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 Martin T Dengler's personal home page. Nothing at all related to my code, my university, or my high school. Old CV (pdf / tex / docx / txt). 2014-03-12 :   Scoring based on precision and recall   When scoring classifiers one wants to reward both precision and recall. A simple and useful linear function of precision and recall is just 2 * TP / ( 2 * TP + FP + FN) , where TP is the number of true positives, FP is the number of false positives, and FN is the number of false negatives. We can do better though. For some discussion, issues, and alternates see "Evaluation: From Precision, Recall and F-Measure to ROC, Informedness, Markedness & Correlation" (2011) by David M W Powers in the Journal of Machine Learning Technologies 2 (1): 37–63. 2013-12-28 :   Hacker's image gallery   Two lines is all it takes for hacker's image and video gallery: for f in *.jpg ; do echo "" ; done > index.html for v in *.webm ; do echo "Click to download $v " ; done >> index.html 2013-07-04 : Resistor identification I found Zach Poff's Resistor Identification PDF to be very helpful, but the SMD and +/-1% tolerance sections were not very useful to me when sorting a bag of cheap resistors, so I made a Hobbyist Resistor Identification Codes PDF (from an SVG) in Inkscape of something easy to print out. 2013-04-10 : Kōaning kōans Kōans are universal Computer Science folklore. Especially the AI ones. Recursion is a fundamental structure. Lisp-in-lisp is seen as a great achievement, as is when any programming language becomes self-hosting. I had never connected these very deeply, possibly because I didn't know the first thing about kōans: "...in the beginning a monk first thinks a kōan is an inert object upon which to focus attention; after a long period of consecutive repetition, one realizes that the kōan is also a dynamic activity, the very activity of seeking an answer to the kōan." [1] 2012-08-27 : Elisp function to add-newline-and-ident-after-next-comma I am actually amazed I've used emacs for programming for so long without writing this; bind to Ctrl-, and wonder how you lived without it:  (defun mtd-indent-after-comma-space () (interactive) (re-search-forward ",[ ]+" (line-end-position) t) (replace-match ",") (newline-and-indent)) (global-set-key (kbd "C-,") 'mtd-indent-after-comma-space)  2012-08-26 : Python default argument redux This is the right use of python's powerful default kwargs feature:  import time def report(when=lambda: time.time()): print when() report() time.sleep(5) report()  The wrong one is documented all over, but often without a clear statement that "Default parameter values are evaluated when the function [is defined]"ref. I think it's more useful to ask people to take away the lambda: and ask themselves why that doesn't work as they probably would expect. 2012-02-10 : Quickfix 1.33 for Fedora 16 I've made new RPMs of QuickFIX 1.13.3 for Fedora 16 that you can download; the patches are also available separately. I'm working on getting QuickFIX officially into Fedora; if you're interested in helping please check redhat bugzilla #606421. 2011-05-29 : Quickfix 1.33 for Fedora 15 I've made new RPMs of QuickFIX 1.13.3 for Fedora 15 that you can download; the patches are also available separately. Thanks to Dennis Fleurbaaij for some patches. I'm working on getting QuickFIX officially into Fedora; if you're interested in helping please check redhat bugzilla #606421. 2011-03-31 : tracker hacking I backported tracker's "index & search for numbers" functionality (without its config-ui nicety) from tracker-bug #503366 to Fedora 14's tracker now-ancient 0.8.17 so I could search for numbers; the change was surprisingly small given how much tracker has moved on: diff -ur tracker-0.8.17-p2/src/libtracker-fts/tracker-parser.c tracker-0.8.17-patch-index-numbers-gnome-bugzilla-num-503366/src/libtracker-fts/tracker-parser.c --- tracker-0.8.17-p2/src/libtracker-fts/tracker-parser.c 2011-03-30 18:11:50.717630143 +0800 +++ tracker-0.8.17-patch-index-numbers-gnome-bugzilla-num-503366/src/libtracker-fts/tracker-parser.c 2011-03-31 00:48:06.160630144 +0800 @@ -354,8 +356,7 @@ } } - if (!is_valid || - word_type == TRACKER_PARSER_WORD_NUM) { + if (!is_valid) { word_type = TRACKER_PARSER_WORD_IGNORE; is_valid = TRUE; length = 0; @@ -378,18 +379,9 @@ if (!start) { start = g_utf8_offset_to_pointer (parser->cursor, char_count-1); - /* Valid words must start with an alpha or - * underscore if we are filtering. - */ - - if (type == TRACKER_PARSER_WORD_NUM) { - is_valid = FALSE; - continue; - } else { - if (type == TRACKER_PARSER_WORD_HYPHEN) { - is_valid = parser->parse_reserved_words; - continue; - } + if (type == TRACKER_PARSER_WORD_HYPHEN) { + is_valid = parser->parse_reserved_words; + continue; } } @@ -459,7 +451,9 @@ return FALSE; } - if (word_type == TRACKER_PARSER_WORD_ALPHA_NUM || word_type == TRACKER_PARSER_WORD_ALPHA) { + if (word_type == TRACKER_PARSER_WORD_ALPHA_NUM + || word_type == TRACKER_PARSER_WORD_ALPHA + || word_type == TRACKER_PARSER_WORD_NUM) { gchar *utf8; gchar *processed_word; It's very nice to be able to search for numbers now. 2011-03-29 : Lisp on Fedora revisited I wanted to see what I could do with vecto so I had another go at Common Lisp on Fedora, almost three years since it crashed and burned for me. "yum install sbcl" was fine, but then hit the same symptom as years ago: libraries don't install using ASDF-INSTALL (this was the "old" way, even in in 2008). Luckily, the other old symptom of "libraries don't install the new way, either" has changed: the old old way is gone, the old new way is now the old way, and the new way is really new, and actually works: sudo yum -y install sbcl git clone git://gitorious.org/clbuild2/clbuild2.git cd clbuild2 ./clbuild quickload vecto ...lots of downloading ./clbuild prepl --noinform ...much amusement with dumping core files and such * (require 'vecto) much system loading NIL *  If things keep working this well soon people will be asking heretical things like "stop telling me about system loading when it works". 2010-12-02 : Converting scanned pdfs to text on linux (OCR) To convert scanned PDFs to text on linux - where the PDFs don't already have text embedded in them, of course - I have come up with the below process using tesseract for the OCR and unpaper to correct for the vagaries of the scanning process (slightly off-kilter document images, for example). I've started with PNG files, but of course you can just use ImageMagick to convert foo.pdf foo.png to get n foo-i.png files for an n-page PDF.  for f in${output_basename}*.png ; do stem=$(basename$f .png) pngtopnm ${stem}.png >${stem}.pnm | tee -a ${output_basename}.log unpaper -b 0.5 -w 0.8 -l single -s a4${stem}.pnm ${stem}-unpapered.pnm | tee -a${output_basename}.log convert ${stem}-unpapered.pnm -depth 8 -monochrome${stem}.tif | tee -a ${output_basename}.log tesseract${stem}.tif ${stem}-tesseract | tee -a${output_basename}.log done If you're using Fedora linux, yum can install all the prerequisites for you:  sudo yum -y install ImageMagick tesseract poppler-utils unpaper netpbm-progs 2010-10-31 :   Using Python modules from C Python extensions   When writing a Python extension module, the basics of using another python module's attribute are not overly documented. Constructing an instance of another module's class, for example, is a bit of a mystery. There are at least two object creation primitives and a lot of C APIs to get in the way of integrating gracefully with python-implemented code. Here's how one can do it: To import a module, normally one would want to have the same thing happen as when import modulename is interpreted. This is done by the PyImport_Import function, like this: PyObject *mod_name = PyString_FromString("modulename"); PyObject *module = PyImport_Import(mod_name); Py_DECREF(mod_name); if (module == NULL) { Py_RETURN_NONE; }  Then, to get a module's attribute, like decimal.Decimal, recall that module (and class) attribute access (the ".") means the same thing as looking up the name in the module's dictionary. The general "get some attribute of this object" function is PyObject_GetAttrString, and it's used like this (continuing the code from above): PyObject *attribute = PyObject_GetAttrString(module, "attribute"); if (attribute == NULL) { Py_DECREF(module); Py_RETURN_NONE; }  Call the object's constructor. Again, we want to do what the interpreter would do when confronted with module.attribute(); this is PyObject_CallObject: attribute_ctor_args = Py_BuildValue("(s)", value.c_str()); PyObject *attribute_instance = PyObject_CallObject(attribute, attribute_ctor_args); Py_DECREF(attribute_ctor_args); Py_DECREF(attribute) if (attribute == NULL) { Py_RETURN_NONE; } else { return attribute; }  We could pass arguments to the constructor, if we create them first - perhaps using Py_BuildValue: PyObject *attribute_ctor_args = Py_BuildValue("(s)", "any char * will do"); PyObject *attribute_instance = PyObject_CallObject(attribute, attribute_ctor_args); Py_DECREF(attribute_ctor_args);  2010-09-28 :   The last rosetta stone you'll need   2010-07-05 :   Saving your MBR   Save/restore your MBR: without the partition table: dd if=/dev/hda of=hda-mbr-nopart bs=446 count=1 with the partition table: dd if=/dev/hda of=hda-mbr-full bs=512 count=1 just the partition table: dd if=/dev/hda of=hda-parttable bs=64 count=1 skip=446 2010-06-20 :   QuickFIX patches to build 1.13.3 on Fedora 12 and higher   I've got some patches and an updated specfile to get quickfix 1.13.3 built on Fedora 12 and higher. This includes the python bindings (tested a bit) and examples (untested). You can download the rpms here. I am going to work on getting them submitted to the quickfix project and into Fedora. 2010-06-17 :   QuickFIX concepts   The absolute minimum you need to know about QuickFIX / FIX programs is: FIX specifies how processes talk to each other over a transport layer like TCP/IP. FIX clients talk (initiate message exchanges); FIX servers listen (finish message exchanges). FIX servers can do different things, like process orders or send market data to clients. The first thing you will usually write with FIX is a client. It will open a port to a FIX server and send a FIX login message. FIX messages are key/value pairs where the keys are numbers and the messages are sent over the wire as header and message data - the message data will be almost human-readable. A FIX message looks almost like this on the wire: E.....@.@.N{RDPl...]. .P $+..%%....6...... {....]Q.8=FIX.4.4.9=82.35=5.34=6.49=XXXXXXXXXXXXXXXXXXXXXX.52=20100617-10:37:36.348.56=XXXX.57=XXXXXXXXX.10=249. Notice the "8=FIX..." part, which is the message / payload starting. There are different versions of FIX...versions 4.1 to 4.4 are most prevalent, and v5.0 is the latest. They're not terribly compatible. And just because an app is FIX vX.Y compliant doesn't mean you'll be able to rely upon much of the content of key data fields...like any message format, the message contents a) matter; and b) are often abused by low-quality implementors. Can you think of anythine else? Let me know via email. 2010-05-13 : QuickFIX on Fedora 12 Here's how I got quickfix running on Fedora 12:  wget http://kojipkgs.fedoraproject.org/packages/quickfix/1.12.4/9.fc12/x86_64/quickfix-1.12.4-9.fc12.x86_64.rpm sudo yum --nogpgcheck localinstall quickfix-1.12.4-9.fc12.x86_64.rpm  Ok, so that's just to get libquickfix.so. To actually do something useful, like connect to a FIX endpoint, there's more. But before we get to that, how about building the latest version of quickfix: #standard rpmdev fedora setup: sudo yum -y install yum-utils rpmdevtools rpmdev-setuptree # verify that we can build the existing RPM sudo yum-builddep quickfix-1.12.4-9.fc12.src.rpm rpm -Uvh quickfix-1.12.4-9.fc12.src.rpm rpmbuild -ba ~/rpmdev/SPECS/quickfix.spec #WORKSFORME. now let's upgrade to 1.13.3: sed -i -e 's/1.12.4/1.13.3/; s/9{%dist}/1{%dist}/' ~/rpmdev/SPECS/quickfix.spec rpmbuild -ba ~/rpmdev/SPECS/quickfix.spec  Next update: getting python, ruby, and java bindings built. 2010-02-03 : Maemo 5 SDK + Fedora hacking There are a few guides to installing a Maemo 5 scratchbox on a Fedora 12 x86_64 machine, but none of them worked for me without modification. In particular, the vm.mmap_min_addr magic really ate up a few minutes. To save one or two other people some time, here's what worked for me: # do this as root yum -y install Xephyr dbus hal groupadd sbox usermod -a -G sbox$LOGNAME echo >> sysctl.conf <> /etc/apt/apt.conf sysctl -p  # do this as non-root user wget http://repository.maemo.org/stable/5.0/maemo-scratchbox-install_5.0.sh http://repository.maemo.org/stable/5.0/maemo-sdk-install_5.0.sh chmod a+x ./maemo-scratchbox-install_5.0.sh ./maemo-sdk-install_5.0.sh patch maemo-scratchbox-install_5.0.sh <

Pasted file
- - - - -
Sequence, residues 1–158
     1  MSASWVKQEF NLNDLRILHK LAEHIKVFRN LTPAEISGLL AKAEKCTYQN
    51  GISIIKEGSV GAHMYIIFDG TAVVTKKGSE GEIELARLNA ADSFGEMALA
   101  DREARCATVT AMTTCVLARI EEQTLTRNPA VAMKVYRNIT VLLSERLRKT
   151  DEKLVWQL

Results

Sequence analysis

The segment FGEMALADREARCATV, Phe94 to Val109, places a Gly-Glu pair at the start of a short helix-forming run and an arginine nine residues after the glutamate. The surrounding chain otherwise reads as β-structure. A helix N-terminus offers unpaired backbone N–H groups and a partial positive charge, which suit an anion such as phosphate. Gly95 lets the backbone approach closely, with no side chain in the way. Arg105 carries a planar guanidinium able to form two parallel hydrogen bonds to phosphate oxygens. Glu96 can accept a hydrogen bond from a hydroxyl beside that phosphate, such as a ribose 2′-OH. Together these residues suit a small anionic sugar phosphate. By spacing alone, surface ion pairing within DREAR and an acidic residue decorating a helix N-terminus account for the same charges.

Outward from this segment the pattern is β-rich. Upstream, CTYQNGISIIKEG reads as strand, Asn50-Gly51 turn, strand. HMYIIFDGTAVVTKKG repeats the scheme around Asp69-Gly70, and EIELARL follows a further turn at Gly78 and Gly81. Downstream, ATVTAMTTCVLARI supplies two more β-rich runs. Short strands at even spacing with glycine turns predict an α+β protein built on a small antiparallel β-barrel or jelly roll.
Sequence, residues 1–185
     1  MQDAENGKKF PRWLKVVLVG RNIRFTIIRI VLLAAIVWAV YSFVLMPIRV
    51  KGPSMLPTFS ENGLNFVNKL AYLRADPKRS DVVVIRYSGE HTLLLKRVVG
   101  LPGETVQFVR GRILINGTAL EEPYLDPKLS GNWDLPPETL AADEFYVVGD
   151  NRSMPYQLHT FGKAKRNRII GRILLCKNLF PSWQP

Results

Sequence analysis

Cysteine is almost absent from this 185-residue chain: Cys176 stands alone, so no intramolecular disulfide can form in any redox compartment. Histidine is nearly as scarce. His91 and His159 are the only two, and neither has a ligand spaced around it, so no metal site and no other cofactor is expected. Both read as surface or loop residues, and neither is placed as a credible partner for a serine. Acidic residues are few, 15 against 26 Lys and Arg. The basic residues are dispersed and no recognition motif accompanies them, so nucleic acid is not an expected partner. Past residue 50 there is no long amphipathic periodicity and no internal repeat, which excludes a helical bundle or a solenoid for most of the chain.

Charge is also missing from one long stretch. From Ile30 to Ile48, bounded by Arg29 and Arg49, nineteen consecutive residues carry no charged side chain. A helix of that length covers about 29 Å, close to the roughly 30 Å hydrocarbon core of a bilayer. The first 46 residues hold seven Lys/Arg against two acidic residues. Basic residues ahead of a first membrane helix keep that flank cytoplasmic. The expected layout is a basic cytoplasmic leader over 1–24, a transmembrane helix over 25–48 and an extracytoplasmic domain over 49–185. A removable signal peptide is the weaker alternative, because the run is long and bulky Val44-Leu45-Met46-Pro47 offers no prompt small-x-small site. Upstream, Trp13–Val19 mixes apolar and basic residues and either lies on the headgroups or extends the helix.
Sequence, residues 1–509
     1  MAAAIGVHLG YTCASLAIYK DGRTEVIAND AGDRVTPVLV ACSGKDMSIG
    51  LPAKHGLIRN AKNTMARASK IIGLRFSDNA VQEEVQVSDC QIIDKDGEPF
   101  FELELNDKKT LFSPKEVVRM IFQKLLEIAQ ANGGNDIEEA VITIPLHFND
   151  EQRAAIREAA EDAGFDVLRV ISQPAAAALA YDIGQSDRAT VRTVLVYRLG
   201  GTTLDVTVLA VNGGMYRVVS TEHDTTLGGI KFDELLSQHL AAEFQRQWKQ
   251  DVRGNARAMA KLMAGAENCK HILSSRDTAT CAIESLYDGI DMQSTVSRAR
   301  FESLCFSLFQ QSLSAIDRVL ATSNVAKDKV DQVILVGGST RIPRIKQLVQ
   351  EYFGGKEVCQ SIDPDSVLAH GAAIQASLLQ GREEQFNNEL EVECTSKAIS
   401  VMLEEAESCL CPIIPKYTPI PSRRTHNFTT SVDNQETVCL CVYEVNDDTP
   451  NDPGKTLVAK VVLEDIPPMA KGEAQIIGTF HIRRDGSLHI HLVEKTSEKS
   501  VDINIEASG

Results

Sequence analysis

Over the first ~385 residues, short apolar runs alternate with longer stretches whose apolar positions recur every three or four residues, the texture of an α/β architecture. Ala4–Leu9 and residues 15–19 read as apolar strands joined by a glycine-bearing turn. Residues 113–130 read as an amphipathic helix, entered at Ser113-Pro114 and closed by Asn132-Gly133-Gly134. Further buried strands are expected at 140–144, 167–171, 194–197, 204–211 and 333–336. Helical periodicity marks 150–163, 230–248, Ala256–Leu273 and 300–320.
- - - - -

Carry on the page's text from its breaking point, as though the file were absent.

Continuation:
"May ours be the noble heart
Strong to endure
Daring tho' skies be dark